For finding inspiration, I drive my bones almost everywhere. The “triggering town” to paraphrase Richard Hugo, can be the tapestry of my fractured self, an overheard snippet of a dialogue, a news article, a story, a poem, a political discourse, an event, etc. I am also someone who reads everything that comes along. So anything can take root in my writing.
 
My idea of poetry has not undergone any radical change. However, of late, my approach towards poetry writing has become different. I have never been a prolific writer. Rather it so happened that I did not write for years and I didn’t miss it much. I always knew I was a poet (without having to write)!!! I was, first and foremost, a big sucker for Life. Just too lazy to seize the interplay of words and arrive at a sacralized version of a written text. For me, it was as if to make those ladybugs live in solitary confinement in a Petrarchan sonnet without having to breathe any light! I would rather watch them swarming in the mirrors of my imagination, even if I had to squander them away at the end. Today, it’s though different. I try not to deny the need of discipline which calls for a kind of self-violence. I do my best to write regularly and when I can’t, I feel sick, as if I am not my body. It never happened like this before. I wonder whether it has something to do with what David Bowie once said: “As you get older, the questions come down to about two or three. How long? And what do I do with the time I’ve got left?”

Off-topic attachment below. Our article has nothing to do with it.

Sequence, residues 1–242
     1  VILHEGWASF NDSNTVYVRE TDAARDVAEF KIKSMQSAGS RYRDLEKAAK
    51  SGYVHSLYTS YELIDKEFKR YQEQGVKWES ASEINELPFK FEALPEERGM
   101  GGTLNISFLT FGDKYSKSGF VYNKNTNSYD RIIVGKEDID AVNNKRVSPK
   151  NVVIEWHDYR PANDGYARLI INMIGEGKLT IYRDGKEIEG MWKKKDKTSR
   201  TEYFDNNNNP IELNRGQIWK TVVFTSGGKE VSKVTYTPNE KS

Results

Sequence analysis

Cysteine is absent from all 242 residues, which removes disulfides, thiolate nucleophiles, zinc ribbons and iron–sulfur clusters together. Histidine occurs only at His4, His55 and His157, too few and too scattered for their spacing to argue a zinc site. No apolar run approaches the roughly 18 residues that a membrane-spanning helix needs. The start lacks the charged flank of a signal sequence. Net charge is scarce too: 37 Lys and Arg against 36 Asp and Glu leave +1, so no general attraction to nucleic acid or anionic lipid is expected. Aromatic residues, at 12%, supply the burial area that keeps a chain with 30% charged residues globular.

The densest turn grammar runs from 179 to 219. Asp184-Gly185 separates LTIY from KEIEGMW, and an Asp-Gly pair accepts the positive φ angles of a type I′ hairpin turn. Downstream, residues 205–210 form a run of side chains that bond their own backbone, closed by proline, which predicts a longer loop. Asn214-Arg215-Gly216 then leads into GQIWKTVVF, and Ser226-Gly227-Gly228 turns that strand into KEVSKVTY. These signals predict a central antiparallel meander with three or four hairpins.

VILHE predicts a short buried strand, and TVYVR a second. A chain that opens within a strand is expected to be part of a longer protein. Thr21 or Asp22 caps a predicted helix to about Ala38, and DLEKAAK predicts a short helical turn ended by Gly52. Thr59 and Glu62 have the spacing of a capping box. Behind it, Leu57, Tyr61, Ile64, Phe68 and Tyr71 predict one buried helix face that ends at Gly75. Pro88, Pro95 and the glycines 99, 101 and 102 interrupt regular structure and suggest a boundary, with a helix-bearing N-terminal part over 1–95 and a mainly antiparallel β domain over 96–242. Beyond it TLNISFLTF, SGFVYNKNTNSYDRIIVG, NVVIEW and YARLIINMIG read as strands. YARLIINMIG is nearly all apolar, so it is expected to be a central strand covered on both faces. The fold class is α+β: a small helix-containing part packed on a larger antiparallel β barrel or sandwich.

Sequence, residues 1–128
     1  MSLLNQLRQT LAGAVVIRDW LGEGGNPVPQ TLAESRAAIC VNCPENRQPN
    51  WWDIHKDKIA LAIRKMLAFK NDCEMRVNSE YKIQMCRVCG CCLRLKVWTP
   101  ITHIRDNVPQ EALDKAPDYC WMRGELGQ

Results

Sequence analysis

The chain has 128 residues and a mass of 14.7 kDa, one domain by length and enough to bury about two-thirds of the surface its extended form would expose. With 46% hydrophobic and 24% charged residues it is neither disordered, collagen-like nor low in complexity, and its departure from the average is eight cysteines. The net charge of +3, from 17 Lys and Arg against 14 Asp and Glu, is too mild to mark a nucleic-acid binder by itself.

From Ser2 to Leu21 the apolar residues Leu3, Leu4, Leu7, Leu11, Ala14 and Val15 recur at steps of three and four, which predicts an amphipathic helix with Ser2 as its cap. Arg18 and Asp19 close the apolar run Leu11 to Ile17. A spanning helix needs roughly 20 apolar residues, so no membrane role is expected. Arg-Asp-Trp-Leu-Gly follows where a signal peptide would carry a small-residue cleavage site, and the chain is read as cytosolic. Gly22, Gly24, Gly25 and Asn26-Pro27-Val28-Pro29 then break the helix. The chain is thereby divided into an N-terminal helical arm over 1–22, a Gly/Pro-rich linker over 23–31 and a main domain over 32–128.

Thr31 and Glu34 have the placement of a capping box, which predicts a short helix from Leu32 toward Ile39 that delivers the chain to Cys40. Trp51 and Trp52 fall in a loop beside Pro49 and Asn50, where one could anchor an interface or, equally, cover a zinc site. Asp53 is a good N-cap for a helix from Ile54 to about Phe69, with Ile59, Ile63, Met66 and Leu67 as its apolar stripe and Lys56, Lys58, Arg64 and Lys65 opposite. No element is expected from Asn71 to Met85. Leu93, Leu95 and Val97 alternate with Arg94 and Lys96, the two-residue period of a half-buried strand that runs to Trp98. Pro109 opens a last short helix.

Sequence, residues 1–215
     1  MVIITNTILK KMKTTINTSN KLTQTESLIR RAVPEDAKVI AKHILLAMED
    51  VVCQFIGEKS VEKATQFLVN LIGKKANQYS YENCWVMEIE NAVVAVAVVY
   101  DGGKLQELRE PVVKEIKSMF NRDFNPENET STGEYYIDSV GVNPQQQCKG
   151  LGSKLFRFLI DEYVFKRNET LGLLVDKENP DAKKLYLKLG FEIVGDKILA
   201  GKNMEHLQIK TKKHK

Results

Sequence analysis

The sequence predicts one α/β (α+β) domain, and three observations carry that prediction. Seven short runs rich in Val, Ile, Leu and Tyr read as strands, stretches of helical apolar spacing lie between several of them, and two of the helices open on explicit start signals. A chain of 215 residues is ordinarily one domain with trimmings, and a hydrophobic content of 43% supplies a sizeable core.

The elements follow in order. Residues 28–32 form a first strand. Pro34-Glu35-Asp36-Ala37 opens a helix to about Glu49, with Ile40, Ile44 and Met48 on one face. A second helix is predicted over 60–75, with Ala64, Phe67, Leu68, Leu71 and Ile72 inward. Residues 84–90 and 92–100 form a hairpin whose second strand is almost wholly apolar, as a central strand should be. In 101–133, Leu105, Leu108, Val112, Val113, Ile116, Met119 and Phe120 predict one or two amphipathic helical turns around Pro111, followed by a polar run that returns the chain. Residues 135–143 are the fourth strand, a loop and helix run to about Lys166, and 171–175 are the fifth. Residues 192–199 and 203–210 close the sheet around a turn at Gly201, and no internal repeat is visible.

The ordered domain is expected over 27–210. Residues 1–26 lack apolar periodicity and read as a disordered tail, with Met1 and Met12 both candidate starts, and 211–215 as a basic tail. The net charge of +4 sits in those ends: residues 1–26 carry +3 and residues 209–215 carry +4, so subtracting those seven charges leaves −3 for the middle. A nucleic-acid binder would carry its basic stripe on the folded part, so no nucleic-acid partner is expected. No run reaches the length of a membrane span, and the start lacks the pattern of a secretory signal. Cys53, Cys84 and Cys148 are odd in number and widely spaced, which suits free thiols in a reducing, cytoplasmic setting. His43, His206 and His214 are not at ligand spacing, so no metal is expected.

Are you on Facebook or Twitter or any other social media? Does that fit into your writing life, and if so, how?